Senators Have Low Regard for DHS Policy Reviews
By Stew Magnuson and Ashleigh Fugate
The Department of Homeland Security delivered the first Quadrennial Homeland Security Review with little fanfare in February. That same month, Secretary Janet Napolitano ordered a “bottom up review” of the department, which was delivered in July.
Republicans at a Senate Homeland Security and Governmental Affairs Committee hearing stridently criticized the two DHS documents for lacking substance and stating grandiose ideals without delivering specifics.
Sen. John McCain, R-Ariz., called the reports “laughable” and “entertaining.” They contained a lot of general statements such as “strengthen aviation security,” and “create an integrated departmental sharing architecture,” but said he “would like to know what has been done in the last seven years in these initiatives and enhancements.”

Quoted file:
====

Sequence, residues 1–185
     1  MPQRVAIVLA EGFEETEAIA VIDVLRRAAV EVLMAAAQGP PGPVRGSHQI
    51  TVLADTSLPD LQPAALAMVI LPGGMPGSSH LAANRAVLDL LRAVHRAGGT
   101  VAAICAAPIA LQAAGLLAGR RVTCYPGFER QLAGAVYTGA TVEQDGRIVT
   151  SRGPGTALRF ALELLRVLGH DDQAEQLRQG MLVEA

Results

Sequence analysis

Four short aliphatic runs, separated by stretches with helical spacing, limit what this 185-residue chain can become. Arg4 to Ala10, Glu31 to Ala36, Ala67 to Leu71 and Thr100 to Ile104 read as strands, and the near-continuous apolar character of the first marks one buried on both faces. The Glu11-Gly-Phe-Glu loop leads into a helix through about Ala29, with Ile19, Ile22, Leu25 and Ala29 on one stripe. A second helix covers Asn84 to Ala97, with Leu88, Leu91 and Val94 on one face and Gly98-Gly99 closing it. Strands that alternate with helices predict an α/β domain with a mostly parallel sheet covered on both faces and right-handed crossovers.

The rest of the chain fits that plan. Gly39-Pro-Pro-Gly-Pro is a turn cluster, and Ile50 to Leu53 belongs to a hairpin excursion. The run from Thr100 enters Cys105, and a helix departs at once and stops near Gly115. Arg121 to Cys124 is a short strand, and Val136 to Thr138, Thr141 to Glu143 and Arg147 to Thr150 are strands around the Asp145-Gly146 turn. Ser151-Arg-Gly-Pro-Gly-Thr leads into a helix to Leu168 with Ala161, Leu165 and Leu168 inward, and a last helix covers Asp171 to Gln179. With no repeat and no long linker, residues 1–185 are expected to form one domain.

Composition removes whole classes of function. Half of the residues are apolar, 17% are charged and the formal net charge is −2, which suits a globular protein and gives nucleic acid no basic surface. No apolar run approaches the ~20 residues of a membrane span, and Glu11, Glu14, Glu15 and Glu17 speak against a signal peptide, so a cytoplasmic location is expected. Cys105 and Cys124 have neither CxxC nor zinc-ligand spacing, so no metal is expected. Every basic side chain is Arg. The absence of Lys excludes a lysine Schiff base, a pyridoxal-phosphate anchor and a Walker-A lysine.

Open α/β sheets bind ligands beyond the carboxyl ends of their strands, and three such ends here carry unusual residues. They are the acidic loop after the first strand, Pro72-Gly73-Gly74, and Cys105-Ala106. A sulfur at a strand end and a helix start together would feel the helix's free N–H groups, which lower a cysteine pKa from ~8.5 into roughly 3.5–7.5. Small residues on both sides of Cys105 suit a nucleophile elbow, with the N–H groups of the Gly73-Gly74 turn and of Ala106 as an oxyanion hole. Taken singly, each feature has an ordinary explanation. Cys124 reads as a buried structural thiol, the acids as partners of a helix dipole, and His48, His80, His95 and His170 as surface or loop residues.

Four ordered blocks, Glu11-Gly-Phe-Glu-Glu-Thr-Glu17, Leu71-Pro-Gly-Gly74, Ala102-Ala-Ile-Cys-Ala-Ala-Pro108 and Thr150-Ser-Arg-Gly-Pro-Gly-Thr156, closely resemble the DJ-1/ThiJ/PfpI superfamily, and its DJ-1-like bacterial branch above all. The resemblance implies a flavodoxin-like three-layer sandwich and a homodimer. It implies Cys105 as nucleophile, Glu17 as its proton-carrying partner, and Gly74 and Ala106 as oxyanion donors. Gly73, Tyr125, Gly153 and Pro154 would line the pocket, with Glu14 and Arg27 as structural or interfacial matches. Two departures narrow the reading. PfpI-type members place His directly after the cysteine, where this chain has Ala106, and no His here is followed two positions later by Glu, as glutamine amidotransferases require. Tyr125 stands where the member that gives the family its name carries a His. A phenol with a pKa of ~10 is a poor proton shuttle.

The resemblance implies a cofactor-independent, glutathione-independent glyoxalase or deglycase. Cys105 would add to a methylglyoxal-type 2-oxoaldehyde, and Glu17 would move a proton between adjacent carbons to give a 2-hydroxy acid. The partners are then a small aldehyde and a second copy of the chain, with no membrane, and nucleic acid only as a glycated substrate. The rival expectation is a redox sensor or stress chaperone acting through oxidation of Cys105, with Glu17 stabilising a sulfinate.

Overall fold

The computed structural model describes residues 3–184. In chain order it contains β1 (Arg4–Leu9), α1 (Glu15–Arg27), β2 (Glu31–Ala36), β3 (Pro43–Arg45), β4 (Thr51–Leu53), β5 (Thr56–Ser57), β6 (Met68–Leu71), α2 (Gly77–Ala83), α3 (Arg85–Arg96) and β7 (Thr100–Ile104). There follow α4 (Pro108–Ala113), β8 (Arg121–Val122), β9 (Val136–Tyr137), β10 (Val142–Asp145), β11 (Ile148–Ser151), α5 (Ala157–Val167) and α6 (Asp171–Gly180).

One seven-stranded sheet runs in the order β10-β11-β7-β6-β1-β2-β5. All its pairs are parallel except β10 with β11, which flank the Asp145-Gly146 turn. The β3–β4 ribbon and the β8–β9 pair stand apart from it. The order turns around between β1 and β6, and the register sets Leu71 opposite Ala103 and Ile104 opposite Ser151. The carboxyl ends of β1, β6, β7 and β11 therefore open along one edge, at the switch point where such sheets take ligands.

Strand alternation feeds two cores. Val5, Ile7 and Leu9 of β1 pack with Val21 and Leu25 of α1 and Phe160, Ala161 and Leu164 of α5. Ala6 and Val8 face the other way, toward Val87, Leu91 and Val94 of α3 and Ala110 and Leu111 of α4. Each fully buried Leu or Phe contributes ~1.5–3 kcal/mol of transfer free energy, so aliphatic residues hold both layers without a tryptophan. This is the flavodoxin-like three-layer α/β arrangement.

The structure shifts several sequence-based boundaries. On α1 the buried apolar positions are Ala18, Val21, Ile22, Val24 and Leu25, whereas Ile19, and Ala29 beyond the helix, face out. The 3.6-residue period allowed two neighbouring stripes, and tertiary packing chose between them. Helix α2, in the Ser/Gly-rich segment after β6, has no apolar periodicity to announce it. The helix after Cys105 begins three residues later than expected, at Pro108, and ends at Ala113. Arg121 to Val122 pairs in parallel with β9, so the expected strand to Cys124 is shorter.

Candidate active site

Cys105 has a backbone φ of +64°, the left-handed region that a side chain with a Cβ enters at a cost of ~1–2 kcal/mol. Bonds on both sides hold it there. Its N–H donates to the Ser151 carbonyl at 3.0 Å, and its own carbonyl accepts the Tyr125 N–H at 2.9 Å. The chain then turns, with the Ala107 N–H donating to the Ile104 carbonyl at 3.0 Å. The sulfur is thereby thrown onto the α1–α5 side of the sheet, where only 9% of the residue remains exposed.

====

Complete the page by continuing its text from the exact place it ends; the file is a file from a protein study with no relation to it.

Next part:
Most of the GOP senators criticizing the reports acknowledged that the problem of poor planning at DHS dated back seven years, long before the Democrats took over.
Citing a Government Accountability Office report, which said DHS has yet to come up with a plan for the screening of illicit radiological and nuclear materials, ranking minority member Sen. Susan Collins of Maine, said, “it disappoints me that rather than completing this plan that the bottom up review just states that DHS will quote, ‘leverage the full range of capabilities and increase its leadership roles.’”
Where is the plan the committee has been pushing for during the past seven years? she asked.
Taking the full brunt of the criticism was Deputy Secretary Jane Hole Lute, who offered little in the way of a defense of the two documents.
As for the nuclear material strategic plan, she said, “We are in the process of working on that senator. I can’t give you a precise plan but I will go back and as a matter of urgency, set a timeline and be in touch.”